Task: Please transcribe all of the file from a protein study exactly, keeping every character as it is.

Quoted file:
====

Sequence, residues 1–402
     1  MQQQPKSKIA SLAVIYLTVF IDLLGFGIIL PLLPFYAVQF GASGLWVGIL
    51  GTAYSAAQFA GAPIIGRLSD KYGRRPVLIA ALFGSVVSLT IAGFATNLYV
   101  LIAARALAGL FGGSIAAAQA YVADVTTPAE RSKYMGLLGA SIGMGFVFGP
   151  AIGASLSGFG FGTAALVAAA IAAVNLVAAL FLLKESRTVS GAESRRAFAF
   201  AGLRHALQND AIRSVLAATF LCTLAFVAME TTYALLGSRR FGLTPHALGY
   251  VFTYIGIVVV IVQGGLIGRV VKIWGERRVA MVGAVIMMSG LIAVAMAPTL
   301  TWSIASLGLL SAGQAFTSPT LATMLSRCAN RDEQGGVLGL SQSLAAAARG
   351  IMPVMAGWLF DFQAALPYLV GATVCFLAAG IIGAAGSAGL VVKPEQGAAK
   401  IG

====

Sequence, residues 1–402
     1  MQQQPKSKIA SLAVIYLTVF IDLLGFGIIL PLLPFYAVQF GASGLWVGIL
    51  GTAYSAAQFA GAPIIGRLSD KYGRRPVLIA ALFGSVVSLT IAGFATNLYV
   101  LIAARALAGL FGGSIAAAQA YVADVTTPAE RSKYMGLLGA SIGMGFVFGP
   151  AIGASLSGFG FGTAALVAAA IAAVNLVAAL FLLKESRTVS GAESRRAFAF
   201  AGLRHALQND AIRSVLAATF LCTLAFVAME TTYALLGSRR FGLTPHALGY
   251  VFTYIGIVVV IVQGGLIGRV VKIWGERRVA MVGAVIMMSG LIAVAMAPTL
   301  TWSIASLGLL SAGQAFTSPT LATMLSRCAN RDEQGGVLGL SQSLAAAARG
   351  IMPVMAGWLF DFQAALPYLV GATVCFLAAG IIGAAGSAGL VVKPEQGAAK
   401  IG